The sounds in Rachel Pyne’s ears were deafening and inescapable. Her footsteps rumbled through her head like thunder. She could hear the thump of her heartbeat, her food digesting, and even the shifting of her eyes.
“It was crazy,” said Pyne, who started hearing her body’s internal sounds in March of last year. “I could hear my eyes swoosh around as I moved them back and forth, like moving your hand in water.”
Pyne also began to lose her balance and suffer debilitating dizziness and nausea. It wasn’t long until her symptoms affected every aspect of her life. “I couldn’t fall asleep. I would lie there and wish that my head would stop spinning,” she said. “It was chaos in my ears.”
At 27, Pyne, a photographer from Merrillville, Indiana, had developed a rare condition known as superior semicircular canal dehiscence, or SSCD.
“Basically, it’s a hole that develops between the inner ear and the brain,” said Dr. Quinton Gopen, an ear surgeon in the department of head and neck surgery at Ronald Reagan UCLA Medical Center. “That region of the inner ear has sealed compartments with little fluid chambers, and occasionally a hole will develop in the bone and allow for these problems to arise.”
Because SSCD is such a rare condition, affecting an estimated one person per half million, patients often see several doctors before receiving a correct diagnosis, if ever. Pyne was examined by at least nine doctors and specialists all over the country, most of whom attributed her symptoms to migraines.
“One doctor told me I was just going to have to live with it,” Pyne said. “That was devastating.”
According to Gopen, this type of misdiagnosis is common. “A lot of these patients are seeking psychiatric help because they’re just mentally worn out,” he said. “They can’t escape the condition and it really kind of grinds them down.”
After seven months, Pyne had almost given up until she came across an online support group launched by a former patient of Gopen and his colleague, Dr. Isaac Yang, and learned about their approach to cases like hers. Last September, Pyne flew to Los Angeles to be examined by Gopen.
“Dr. Gopen diagnosed me within 15 minutes and said, ‘Absolutely we can do surgery.’ I was crying because I had been through so much,” Pyne said.
“Patients are relieved to learn that this situation has become routine to us,” said Yang, a UCLA neurosurgeon who partners with Gopen on each SSCD procedure. “Because we see a lot of these cases, we not only believe them when they say they can hear their eyeballs or neck muscles move, but we can help them.”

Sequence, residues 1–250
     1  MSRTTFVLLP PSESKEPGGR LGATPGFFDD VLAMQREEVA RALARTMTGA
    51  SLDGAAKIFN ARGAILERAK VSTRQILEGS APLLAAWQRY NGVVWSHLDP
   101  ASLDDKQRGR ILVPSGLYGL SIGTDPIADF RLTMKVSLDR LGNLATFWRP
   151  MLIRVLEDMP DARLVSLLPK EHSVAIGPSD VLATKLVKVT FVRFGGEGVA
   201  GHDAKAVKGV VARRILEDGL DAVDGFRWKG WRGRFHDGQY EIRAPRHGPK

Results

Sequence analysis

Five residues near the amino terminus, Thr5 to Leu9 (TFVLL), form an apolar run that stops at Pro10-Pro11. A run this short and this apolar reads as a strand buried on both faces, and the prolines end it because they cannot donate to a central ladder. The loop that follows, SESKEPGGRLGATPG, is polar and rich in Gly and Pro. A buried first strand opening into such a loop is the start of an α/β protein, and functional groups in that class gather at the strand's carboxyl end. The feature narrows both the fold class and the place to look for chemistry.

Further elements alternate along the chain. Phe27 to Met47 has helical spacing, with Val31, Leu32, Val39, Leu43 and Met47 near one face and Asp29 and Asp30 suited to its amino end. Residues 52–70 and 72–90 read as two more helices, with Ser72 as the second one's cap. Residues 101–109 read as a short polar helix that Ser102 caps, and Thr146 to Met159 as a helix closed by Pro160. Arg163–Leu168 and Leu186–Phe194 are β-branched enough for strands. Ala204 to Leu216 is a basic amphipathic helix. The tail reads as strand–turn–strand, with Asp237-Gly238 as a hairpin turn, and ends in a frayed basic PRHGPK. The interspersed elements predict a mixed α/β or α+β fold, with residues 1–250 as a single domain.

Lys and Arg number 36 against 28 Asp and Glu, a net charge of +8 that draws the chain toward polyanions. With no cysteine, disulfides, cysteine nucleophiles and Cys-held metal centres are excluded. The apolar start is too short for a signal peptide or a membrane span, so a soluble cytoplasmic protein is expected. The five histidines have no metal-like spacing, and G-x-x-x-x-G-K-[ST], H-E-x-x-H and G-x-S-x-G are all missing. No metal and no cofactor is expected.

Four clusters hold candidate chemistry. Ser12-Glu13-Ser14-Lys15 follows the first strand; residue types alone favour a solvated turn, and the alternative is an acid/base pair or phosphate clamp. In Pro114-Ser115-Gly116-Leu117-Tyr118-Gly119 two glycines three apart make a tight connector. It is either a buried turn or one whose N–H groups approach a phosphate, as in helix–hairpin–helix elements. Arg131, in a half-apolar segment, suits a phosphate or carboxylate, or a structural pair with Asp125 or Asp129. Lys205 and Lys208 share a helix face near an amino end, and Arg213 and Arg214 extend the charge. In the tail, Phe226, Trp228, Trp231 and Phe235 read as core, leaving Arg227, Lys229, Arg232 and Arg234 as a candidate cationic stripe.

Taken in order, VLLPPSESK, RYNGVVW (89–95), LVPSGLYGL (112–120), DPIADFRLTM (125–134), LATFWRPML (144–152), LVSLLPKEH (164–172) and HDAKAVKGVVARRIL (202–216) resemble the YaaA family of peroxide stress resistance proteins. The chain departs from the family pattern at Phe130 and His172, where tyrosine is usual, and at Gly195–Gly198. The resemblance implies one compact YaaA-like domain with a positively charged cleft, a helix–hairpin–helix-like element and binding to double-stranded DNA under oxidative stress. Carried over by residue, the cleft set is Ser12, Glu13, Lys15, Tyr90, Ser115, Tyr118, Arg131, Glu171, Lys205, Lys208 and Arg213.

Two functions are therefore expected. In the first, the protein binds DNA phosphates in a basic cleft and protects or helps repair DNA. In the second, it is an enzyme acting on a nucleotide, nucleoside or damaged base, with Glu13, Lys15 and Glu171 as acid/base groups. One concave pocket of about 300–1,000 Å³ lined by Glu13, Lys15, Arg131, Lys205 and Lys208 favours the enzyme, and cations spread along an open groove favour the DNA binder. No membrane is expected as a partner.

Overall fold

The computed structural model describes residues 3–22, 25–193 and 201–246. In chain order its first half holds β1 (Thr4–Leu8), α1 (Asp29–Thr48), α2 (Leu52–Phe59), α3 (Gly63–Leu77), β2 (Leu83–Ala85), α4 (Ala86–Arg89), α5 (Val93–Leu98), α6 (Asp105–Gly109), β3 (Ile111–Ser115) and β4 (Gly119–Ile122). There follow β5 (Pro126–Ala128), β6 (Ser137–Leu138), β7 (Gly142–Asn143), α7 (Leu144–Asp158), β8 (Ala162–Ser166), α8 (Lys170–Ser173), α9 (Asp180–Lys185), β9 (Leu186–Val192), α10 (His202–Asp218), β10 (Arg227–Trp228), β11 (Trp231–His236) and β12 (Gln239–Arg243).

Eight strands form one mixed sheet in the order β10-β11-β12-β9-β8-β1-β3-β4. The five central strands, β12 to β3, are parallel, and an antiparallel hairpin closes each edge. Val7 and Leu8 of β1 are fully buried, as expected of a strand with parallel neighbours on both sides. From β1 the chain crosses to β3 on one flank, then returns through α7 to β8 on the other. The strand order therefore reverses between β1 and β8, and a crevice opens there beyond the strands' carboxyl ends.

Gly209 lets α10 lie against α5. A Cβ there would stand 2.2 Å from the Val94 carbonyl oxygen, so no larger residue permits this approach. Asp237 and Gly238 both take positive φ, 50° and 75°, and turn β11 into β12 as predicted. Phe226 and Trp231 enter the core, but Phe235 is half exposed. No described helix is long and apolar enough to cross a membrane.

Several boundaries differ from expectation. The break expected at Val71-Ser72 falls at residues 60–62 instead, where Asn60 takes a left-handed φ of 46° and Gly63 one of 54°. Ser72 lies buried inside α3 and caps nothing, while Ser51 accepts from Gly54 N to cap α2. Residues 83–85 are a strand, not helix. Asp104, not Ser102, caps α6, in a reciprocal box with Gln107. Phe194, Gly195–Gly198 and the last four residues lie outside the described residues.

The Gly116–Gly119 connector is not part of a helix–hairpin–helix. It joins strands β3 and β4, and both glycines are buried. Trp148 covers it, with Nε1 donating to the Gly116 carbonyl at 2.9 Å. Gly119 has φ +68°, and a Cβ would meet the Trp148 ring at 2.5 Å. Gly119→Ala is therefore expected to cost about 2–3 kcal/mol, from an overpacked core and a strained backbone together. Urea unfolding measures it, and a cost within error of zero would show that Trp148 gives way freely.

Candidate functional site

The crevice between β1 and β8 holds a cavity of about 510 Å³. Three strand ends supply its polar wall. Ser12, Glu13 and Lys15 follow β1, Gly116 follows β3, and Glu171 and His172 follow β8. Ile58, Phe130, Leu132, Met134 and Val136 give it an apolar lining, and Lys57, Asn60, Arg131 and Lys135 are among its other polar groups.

After five years of operating on more than 60 SSCD patients together, Gopen and Yang have developed a minimally invasive surgical technique that patches the hole in the inner ear, restoring normal balance and hearing.
“Traditionally, you’d need to have a big middle fossa craniotomy,” said Yang. “That’s a type of surgery that requires a sizeable hole in your skull, which leaves a larger scar and requires a much longer recovery time.
“What we’re doing now is performing the entire operation in a hole the size of a dime,” said Yang, noting that in a standard middle fossa craniotomy, the hole is as much as five times larger. “That allows these patients to get back to work and get back to their lives much sooner."
Recovery time is three weeks instead of six.
Before the operation begins, the surgeons use a CT scan and state-of-the-art probe to map the brain and determine precisely where to enter the skull.
“Our neuro-navigation system is like using GPS for the brain that allows us to target that itty, bitty hole between the inner ear and the brain,” Yang said.
“These holes in the bone are only a millimeter or two wide,” said Gopen. “That’s about the size of the hole in the tip of an ink pen, so we really need to be precise and know exactly where we’re going.”
Working in tandem, Yang opens the skull and lifts the brain away from the skull, which allows Gopen to access the space in between the ear and skull. Then Gopen pinpoints the tiny hole in the inner ear bone and plugs it with an artificial filler called bone wax. The entire procedure lasts roughly 90 minutes, and results are usually instantaneous.
“As soon as I woke up from surgery I was like, ‘Oh my gosh, it’s gone!’” said Payne, who had her first surgery last November. “Looking back, I’m actually happy that so many doctors turned me away and told me they couldn’t help, because Dr. Gopen and Dr. Yang did. I’m just so thankful.”
Video report produced by UCLA Health.
(Note to Editors: Hi-resolution b-roll and photos, animation, sound bites and web elements available upon request.)
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